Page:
Group Research Excellence Award

The group award was presented to second-year Bachelor of Arts — Psychology students Aliya Jomha (left) and Paige Torry (right). The pair collaborated on a project named, “When Standard Treatments Are Not Enough: Non-Invasive Neurostimulation for Treatment Resistant Depression.”

“The research that my partner Paige and I conducted was a rapid review paper that outlined the differences in transcranial magnetic stimulation (TMS) treatments for adults struggling with treatment-resistant or medication-resistant depression,” Jomha says.

Torry attended the Mathison-Littmann Research Day in March, where she heard a thought-provoking presentation on suicidality and the current challenges faced in treating recurring and resistant forms of depression. The topic of remission and response rates, under this specific umbrella, garnered their thesis question.

After undergoing the preliminary research phase, the team's goal became focused on answering the question whether novel strategies, like non-invasive neurostimulation techniques, could improve clinical remission rates and sustain them longer.

“The fact that major depressive disorders, when undertreated, can lead to devastating outcomes like suicide attempts and suicide itself, we decided this topic was immensely important to investigate and share,” Torry says.

The duo's paper compiled information from original research conducted in the last 10 years regarding treatment outcomes, remission rates and response rates to different types of non-invasive neurostimulation techniques.

Jomha says they wanted to assess and look at the trends and themes in the data and evaluate whether there were patterns in the outcomes based on the specificities of the interventions.“This way, future clinicians and researchers can understand what may be the best protocol for patients struggling with this type of mental illness.”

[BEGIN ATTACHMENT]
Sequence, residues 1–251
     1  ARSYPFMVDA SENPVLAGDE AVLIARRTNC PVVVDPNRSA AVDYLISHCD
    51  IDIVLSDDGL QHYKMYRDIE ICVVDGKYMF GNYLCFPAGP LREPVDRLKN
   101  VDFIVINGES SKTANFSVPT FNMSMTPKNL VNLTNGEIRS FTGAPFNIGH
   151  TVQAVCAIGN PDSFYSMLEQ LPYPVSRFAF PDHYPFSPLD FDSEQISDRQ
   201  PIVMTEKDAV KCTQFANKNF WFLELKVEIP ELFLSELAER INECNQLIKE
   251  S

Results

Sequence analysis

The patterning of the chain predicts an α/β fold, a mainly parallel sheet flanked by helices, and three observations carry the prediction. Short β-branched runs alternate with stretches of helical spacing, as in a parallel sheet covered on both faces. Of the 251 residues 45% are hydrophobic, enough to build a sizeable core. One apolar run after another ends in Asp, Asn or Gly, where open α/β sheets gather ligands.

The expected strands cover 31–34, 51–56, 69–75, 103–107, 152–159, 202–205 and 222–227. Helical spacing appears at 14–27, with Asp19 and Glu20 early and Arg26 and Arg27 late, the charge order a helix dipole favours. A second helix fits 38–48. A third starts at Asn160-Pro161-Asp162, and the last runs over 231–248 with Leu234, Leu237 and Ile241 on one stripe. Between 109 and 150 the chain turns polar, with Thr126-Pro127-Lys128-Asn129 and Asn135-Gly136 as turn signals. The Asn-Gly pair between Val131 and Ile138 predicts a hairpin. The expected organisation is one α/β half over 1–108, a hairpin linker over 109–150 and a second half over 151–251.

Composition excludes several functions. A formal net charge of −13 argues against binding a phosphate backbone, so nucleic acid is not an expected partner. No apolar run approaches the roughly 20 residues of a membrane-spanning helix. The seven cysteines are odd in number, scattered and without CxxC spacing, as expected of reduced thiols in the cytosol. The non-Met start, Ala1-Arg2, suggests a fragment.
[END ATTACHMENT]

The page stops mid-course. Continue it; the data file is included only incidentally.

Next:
“The new technology in place to help people struggling with depression is really miraculous, and Paige and I were really eager to share that message in our review paper.”

The students were both shocked and honoured to find out that they were award recipients.

“I can't really express just how thrilled I am, and I am genuinely happy that the topic of mental-health treatments was of interest to those who read the paper in the application process,” Jomha says.

Jomha is also a member of the Cougars women's hockey team at MRU that won the 2023 U SPORTS National Championship.

“It was an amazing accomplishment that I am proud of, but I am also very proud to say that research and psychology is a passion of mine as well. The work that all students put in should be celebrated, and everyone else who submitted a paper should be proud of their work and keep exploring their passions.”

“It is an honour to win the first award of my university career, and truly an honour to win a Library Award for Research Excellence,” Torry says.

Torry is a mature student who is working to fulfil a life-long dream of becoming a psychologist.

“Returning to high-school upgrading and challenging myself to achieve the high GPA required for admission was frankly very intimidating and it almost held me back from starting this journey,” Torry says.

“I feel so fortunate to have conquered these fears and to have achieved an award.”